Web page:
Searchers on snowmobiles rescued 21 persons yesterday, including an infant, who survived the crash-landing of a twin-engine commuter plane on a mountainside and spent the night in a blizzard. Authorities said one person, Mary Kay Hardin of Steamboat Springs, Colo., died in the accident.
The survivors were taken out from the crash site 10,000 feet up in the Colorado Rockies in snowmobiles through a foot of fresh snow, some riding inside and others wrapped in down sleeping bags and strapped to the outside of the tractor-like vehicles.
Rocky Mountain Airways Flight 217 had left the ski resort town of Steamboat Springs at 6:55 p.m. Monday on a scheduled 45-minute flight over the Continental Divide to Denver. Fifteen minutes later, the pilot radioed that he was having trouble with ice and was heading back to Steamboat Springs.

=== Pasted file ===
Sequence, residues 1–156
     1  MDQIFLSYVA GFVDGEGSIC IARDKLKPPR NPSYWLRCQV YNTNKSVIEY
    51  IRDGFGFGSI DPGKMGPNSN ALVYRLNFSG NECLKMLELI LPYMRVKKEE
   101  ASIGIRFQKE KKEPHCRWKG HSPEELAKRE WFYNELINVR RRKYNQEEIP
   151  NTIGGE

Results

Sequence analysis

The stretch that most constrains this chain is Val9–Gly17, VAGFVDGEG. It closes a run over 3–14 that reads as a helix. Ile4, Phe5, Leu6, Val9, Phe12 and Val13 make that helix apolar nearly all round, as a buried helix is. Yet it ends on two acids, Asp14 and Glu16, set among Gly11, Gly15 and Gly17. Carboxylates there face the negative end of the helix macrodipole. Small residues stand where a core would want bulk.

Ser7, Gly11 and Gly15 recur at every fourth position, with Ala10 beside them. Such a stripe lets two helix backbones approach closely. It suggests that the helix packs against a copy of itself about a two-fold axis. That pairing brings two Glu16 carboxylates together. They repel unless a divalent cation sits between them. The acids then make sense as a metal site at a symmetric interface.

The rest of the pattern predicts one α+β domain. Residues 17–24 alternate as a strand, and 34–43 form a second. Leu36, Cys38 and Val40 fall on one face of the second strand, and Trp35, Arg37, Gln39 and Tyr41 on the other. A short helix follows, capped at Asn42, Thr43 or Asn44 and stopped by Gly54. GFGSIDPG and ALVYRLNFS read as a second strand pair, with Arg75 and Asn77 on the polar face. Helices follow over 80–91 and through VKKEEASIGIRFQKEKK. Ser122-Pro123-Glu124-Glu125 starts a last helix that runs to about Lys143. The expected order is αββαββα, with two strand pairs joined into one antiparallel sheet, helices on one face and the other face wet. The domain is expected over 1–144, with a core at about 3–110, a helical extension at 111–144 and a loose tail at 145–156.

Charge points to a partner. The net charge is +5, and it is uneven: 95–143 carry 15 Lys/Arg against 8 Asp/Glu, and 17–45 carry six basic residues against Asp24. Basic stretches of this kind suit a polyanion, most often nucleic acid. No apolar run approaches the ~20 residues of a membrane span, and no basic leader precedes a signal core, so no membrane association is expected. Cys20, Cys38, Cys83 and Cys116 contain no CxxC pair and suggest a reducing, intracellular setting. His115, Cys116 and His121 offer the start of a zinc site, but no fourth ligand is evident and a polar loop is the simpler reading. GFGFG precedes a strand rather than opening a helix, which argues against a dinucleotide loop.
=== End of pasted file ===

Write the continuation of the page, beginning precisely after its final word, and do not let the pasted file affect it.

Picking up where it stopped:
"All of a sudden we hit a little turbulence and ran right into the ground," said Vern Bell, one of the passengers.
The first rescue crew, following the signal from an emergency locator transmitter on snowmobiles, reached the crash site early yesterday morning.
The rescue center was in a campground 18 miles from Colorado Highway 14, the nearest paved road, and more than 50 miles from the nearest hospital. Winds gusting to 35 mph, heavy snow and temperatures in the teens slowed the movement of survivors to hospitals.